The Church of Santissima Trinita dei Monti commands a magnificent view of Rome, located at the top of the Spanish Steps. But inside you can hear the Brothers and Sisters of Jerusalem sing the Psalms in a glorious Renaissance Baroque church where they are now in residence.
We first heard them sing their prayers in Vezeley, France, and often in Paris at St. Gervais near the Hotel de Ville and Notre Dame on the river. They are young, for the most part, men and women who work part time, rent their own accommodations. They gather for meals and to sing the ancient monastic offices. They are assigned a church to care for and to give a public presence to their prayers. Their mission is to pray for the city. They are now also located in Strasbourg, Florence, Mont St.-Michel, Brussels, Montreal, Rome, Magdala (France), Tarbes (near Lourdes, France), Cologne, Gamogna (Italy), Pistoia (Italy).
When I heard they were in Rome I knew we would visit to hear them sing the noon prayer office at 12:30. These prayer times originated in the earliest days of monasticism, when a 24 hour cycle was kept, consisting of seven “offices.” They usually form a thirty minute pattern with singing of the Psalms (in the local language), readings of Scripture, a short homily, intercessory prayers (often sung as well), and praise prayers (sung.) Today one can hear various communities sing the morning, noon, and evening offices. Some sing more – the Augustinian nuns at Quattro Coronati sing five or six offices a day, open to the public. They welcome visitors who keep the silence. Many offer booklets to follow along and join in.
I have always found the half hour a happy one, a time to gather myself together once again before God, a time to pray for my family and those I know who are sick (one friend in the last stages of cancer) and to pray for those who have asked for my prayers. I try and think of those who are needy and unhappy and for whom the Holy Spirit wants me to pray. I try to listen to God’s voice during these blissful moments as the ethereal sounds of the song-prayers fill my ears.
I was particularly thankful for their presence in Rome, and within walking distance from our hotel. We stepped into the bright gracious nave and found seats in the first pew. Soon the white-robed men and women took places on kneelers and pads before the altar, and began to sing. The sound is like larks singing, but with a depth provided by the men’s harmonies, and I often think Heaven might be like this – the praising of God for all he is and does, through whom we live and have our being. I hope so.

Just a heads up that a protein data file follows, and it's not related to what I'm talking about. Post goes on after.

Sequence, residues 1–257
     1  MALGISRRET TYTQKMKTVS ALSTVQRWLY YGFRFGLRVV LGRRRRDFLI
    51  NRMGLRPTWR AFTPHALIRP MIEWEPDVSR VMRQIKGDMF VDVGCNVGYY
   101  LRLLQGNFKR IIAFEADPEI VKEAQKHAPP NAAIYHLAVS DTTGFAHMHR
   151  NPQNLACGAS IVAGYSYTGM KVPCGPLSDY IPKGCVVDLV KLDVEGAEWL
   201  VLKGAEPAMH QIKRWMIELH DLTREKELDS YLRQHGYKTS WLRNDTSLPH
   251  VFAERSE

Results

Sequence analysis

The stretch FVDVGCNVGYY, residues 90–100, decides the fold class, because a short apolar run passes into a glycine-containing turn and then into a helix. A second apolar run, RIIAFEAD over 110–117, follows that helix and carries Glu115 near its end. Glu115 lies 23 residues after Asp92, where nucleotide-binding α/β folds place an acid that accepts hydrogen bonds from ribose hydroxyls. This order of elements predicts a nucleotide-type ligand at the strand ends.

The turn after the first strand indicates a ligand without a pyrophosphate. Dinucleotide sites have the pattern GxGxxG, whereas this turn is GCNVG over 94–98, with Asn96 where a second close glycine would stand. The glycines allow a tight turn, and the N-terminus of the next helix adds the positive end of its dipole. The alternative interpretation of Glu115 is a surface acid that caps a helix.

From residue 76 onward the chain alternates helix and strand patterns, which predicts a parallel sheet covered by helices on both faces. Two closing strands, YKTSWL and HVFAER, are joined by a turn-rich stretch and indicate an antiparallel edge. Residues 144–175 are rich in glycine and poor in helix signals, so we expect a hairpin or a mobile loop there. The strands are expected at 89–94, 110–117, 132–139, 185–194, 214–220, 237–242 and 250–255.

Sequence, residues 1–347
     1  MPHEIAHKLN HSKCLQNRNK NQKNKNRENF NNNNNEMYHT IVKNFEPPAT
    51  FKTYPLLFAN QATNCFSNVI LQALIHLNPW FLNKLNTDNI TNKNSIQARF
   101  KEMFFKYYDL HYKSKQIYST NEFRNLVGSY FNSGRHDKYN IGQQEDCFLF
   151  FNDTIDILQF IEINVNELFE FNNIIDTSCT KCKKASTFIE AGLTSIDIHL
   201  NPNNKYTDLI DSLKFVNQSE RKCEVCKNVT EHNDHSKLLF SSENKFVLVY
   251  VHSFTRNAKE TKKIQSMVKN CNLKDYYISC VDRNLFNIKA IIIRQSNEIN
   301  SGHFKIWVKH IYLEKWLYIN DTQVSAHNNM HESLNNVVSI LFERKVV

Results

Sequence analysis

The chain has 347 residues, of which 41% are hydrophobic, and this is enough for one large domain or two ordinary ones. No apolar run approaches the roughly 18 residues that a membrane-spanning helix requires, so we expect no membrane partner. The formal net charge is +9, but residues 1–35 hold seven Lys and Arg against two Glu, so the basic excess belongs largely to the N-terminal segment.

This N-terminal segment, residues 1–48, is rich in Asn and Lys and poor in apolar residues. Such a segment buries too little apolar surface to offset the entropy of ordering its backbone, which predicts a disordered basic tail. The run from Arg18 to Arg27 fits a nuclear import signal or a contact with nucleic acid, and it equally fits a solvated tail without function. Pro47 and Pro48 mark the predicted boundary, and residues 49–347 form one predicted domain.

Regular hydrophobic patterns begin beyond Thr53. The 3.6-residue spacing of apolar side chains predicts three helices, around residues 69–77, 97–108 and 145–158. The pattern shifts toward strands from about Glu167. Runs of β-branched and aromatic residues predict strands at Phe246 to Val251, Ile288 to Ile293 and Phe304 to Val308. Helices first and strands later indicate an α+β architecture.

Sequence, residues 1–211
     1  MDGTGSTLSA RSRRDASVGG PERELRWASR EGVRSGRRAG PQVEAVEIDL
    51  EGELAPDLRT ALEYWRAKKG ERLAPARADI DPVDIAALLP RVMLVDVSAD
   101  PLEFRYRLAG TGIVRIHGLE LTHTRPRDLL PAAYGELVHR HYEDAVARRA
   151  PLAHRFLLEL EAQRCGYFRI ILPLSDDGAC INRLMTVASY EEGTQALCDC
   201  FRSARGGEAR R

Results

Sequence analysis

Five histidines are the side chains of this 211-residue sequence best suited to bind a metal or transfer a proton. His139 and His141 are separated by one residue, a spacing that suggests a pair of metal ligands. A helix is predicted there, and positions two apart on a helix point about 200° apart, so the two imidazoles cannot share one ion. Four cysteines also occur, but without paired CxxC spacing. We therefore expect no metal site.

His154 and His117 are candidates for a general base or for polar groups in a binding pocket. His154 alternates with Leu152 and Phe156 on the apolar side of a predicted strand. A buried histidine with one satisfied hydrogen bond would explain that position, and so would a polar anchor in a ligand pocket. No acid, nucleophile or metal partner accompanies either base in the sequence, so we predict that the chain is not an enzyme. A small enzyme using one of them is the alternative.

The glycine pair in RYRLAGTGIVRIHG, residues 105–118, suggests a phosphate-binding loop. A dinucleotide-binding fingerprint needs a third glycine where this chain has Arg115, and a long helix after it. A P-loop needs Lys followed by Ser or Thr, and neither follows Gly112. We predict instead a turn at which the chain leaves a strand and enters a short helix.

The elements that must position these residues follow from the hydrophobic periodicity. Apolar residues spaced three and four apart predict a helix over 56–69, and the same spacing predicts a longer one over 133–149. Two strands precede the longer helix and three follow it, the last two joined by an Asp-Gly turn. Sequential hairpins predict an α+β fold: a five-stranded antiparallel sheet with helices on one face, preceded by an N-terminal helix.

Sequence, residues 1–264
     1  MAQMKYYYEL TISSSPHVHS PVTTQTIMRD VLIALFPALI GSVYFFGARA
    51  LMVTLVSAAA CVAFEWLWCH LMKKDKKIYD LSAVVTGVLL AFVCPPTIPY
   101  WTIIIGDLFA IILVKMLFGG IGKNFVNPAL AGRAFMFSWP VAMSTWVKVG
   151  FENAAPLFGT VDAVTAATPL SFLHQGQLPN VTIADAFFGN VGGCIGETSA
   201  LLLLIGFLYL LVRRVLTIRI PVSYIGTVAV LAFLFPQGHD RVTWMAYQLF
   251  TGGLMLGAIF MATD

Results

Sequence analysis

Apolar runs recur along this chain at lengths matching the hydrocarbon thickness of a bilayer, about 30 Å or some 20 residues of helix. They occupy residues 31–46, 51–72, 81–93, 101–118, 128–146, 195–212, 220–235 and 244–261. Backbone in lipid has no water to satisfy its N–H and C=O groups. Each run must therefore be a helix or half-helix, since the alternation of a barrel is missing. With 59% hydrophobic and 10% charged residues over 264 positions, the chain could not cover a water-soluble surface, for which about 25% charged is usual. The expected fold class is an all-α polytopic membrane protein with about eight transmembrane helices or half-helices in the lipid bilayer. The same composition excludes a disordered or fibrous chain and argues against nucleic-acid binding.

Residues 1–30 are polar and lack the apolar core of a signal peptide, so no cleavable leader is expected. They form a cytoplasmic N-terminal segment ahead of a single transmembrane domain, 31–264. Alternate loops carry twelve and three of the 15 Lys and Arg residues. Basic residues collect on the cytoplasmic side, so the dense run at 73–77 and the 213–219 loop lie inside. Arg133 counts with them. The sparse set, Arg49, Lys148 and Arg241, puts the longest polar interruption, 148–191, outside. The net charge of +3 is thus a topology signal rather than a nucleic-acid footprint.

It had rained during the night, and the skies were gray when we had entered, but the sun came out when we left, and we carefully made our way down the Spanish Steps, past a violinist, for soup and salad at Babington’s Tea Shoppe, across the street from the house of Keats and Shelley.
Later in the afternoon, we stopped by the American Church of Santa Susanna and learned they were closed for restorations, but the library was open. I left a copy of The Magdalene Mystery and chatted with the ladies running a book sale. I explained that the story took place in part at Santa Susanna’s and they were intrigued. It was a story about truth and lies, I said, and the historical evidence we have that supports the Gospel accounts that it was the risen Christ and not a gardener that appeared to Mary Magdalene that first Easter morning. They nodded graciously, probably wondering at this chatty American.
The Fraternities of Jerusalem: http://jerusalem.cef.fr/
Chiesa Santa Susanna: http://www.santasusanna.org/